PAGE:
TV presenter Noel Edmonds has launched a massive compensation claim after his business fell victim to the HBOS fraud scandal
Noel Edmonds has launched a £50 million compensation claim against Lloyds Banking Group, with the Deal Or No Deal star claiming he has suffered ‘deep distress and public humiliation’ caused by fraud at the hands of former HBOS Reading staff.
Lawyers for the TV host have written to Lloyds boss Antonio Horta-Osorio demanding payment for ‘immense economic loss’ and ‘distress and inconvenience’ following the HBOS fraud scandal.
A group of corrupt HBOS financiers were jailed earlier this year for carrying out a £245 million loans scam that destroyed several businesses, before they squandered the profits on high-end prostitutes and luxury holidays.
Edmonds claims that one convicted former HBOS employee, Mark Dobson, helped destroy his former business Unique Group.
Lloyds said last month that it would begin making compensation offers to HBOS fraud victims in May from a £100 million pot, with payments expected to begin in June.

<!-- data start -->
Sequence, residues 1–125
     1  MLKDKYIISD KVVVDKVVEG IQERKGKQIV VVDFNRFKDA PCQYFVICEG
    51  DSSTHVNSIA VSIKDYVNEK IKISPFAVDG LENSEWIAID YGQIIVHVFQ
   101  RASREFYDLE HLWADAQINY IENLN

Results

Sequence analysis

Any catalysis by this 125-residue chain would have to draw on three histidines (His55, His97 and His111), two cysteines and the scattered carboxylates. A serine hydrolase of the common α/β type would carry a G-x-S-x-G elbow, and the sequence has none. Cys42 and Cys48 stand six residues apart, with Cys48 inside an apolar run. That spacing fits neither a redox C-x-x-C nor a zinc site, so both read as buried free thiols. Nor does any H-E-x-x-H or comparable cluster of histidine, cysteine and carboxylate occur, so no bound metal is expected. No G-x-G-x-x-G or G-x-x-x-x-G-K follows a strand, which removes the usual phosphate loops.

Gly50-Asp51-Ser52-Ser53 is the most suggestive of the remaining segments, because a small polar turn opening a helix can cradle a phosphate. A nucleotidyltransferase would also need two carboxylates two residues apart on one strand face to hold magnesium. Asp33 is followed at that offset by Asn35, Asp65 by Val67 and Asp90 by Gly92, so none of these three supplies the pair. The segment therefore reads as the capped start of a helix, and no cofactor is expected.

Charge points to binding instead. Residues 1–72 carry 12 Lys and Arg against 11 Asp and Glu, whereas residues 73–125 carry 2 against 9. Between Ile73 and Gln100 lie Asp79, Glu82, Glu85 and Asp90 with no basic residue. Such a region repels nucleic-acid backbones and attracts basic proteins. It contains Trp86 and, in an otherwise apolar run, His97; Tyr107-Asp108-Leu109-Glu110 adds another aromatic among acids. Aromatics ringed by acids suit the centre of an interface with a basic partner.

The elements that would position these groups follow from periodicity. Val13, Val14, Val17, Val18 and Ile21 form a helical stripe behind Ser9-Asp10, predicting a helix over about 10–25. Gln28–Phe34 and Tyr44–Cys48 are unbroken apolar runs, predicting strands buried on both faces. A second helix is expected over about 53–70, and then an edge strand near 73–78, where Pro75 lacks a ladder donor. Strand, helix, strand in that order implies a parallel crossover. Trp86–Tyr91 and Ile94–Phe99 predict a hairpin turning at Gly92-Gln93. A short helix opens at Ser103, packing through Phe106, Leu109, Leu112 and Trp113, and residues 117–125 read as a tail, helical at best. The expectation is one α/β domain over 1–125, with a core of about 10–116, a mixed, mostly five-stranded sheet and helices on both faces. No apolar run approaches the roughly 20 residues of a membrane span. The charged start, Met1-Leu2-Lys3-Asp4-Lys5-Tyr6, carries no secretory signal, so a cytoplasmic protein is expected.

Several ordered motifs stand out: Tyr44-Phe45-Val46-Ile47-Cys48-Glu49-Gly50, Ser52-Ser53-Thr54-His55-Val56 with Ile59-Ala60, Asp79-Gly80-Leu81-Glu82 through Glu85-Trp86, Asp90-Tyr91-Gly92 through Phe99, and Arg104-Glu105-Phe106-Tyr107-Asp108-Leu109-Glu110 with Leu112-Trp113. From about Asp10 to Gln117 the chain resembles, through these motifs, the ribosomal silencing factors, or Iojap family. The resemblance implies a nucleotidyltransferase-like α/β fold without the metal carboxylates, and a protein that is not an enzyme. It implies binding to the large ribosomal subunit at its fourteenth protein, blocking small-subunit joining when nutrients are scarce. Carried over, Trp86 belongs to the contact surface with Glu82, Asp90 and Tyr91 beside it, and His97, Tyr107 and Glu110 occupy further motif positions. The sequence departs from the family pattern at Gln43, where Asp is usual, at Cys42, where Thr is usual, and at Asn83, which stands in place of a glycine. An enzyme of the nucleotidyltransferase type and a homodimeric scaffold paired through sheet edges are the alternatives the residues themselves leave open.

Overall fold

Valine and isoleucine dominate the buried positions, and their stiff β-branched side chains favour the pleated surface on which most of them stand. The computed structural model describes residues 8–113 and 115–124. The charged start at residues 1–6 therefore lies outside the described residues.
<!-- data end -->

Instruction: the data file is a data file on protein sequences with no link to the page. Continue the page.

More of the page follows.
Edmonds’ solicitor Jonathan Coad, from Keystone Law, told the Press Association that he will be pressing for half of that amount to go to the former host of Noel’s House Party.
“We expect half of the £100 million to go to my client, and we expect Lloyds will have to increase their provision substantially,” he said.
Lloyds said that if a review determined that the level of compensation requires it to increase the provision then ‘we will absolutely do so’.
A total of 64 customers, including Edmonds, are due to receive recompense.
Edmonds’s claim also includes lost income from speaking events.
The strongly-worded letter read: “These individuals were fraudsters whose corrupt activities also resulted in losses to my client of tens of millions of pounds, along with his suffering deep distress and public humiliation.
“My client’s reputation as a successful business entrepreneur was destroyed by humiliating media coverage of the collapse of his business empire.”
The fraud trial resulted in a number of convictions earlier this year with Dobson, 56, jailed for four-and-a-half years.
Edmonds said in a statement: “I confirm my lawyers have sent a detailed claim letter seeking compensation from Lloyds for the losses that I suffered as a result of fraud committed against me by one of its managers.
“I am now trusting that Mr Horta-Osorio is true to his word and ensures that I am ‘fairly, swiftly and appropriately’ compensated for both the destruction of my businesses and the significant damage to my reputation. If he is not, then I will pursue my claim against Lloyds via the courts.”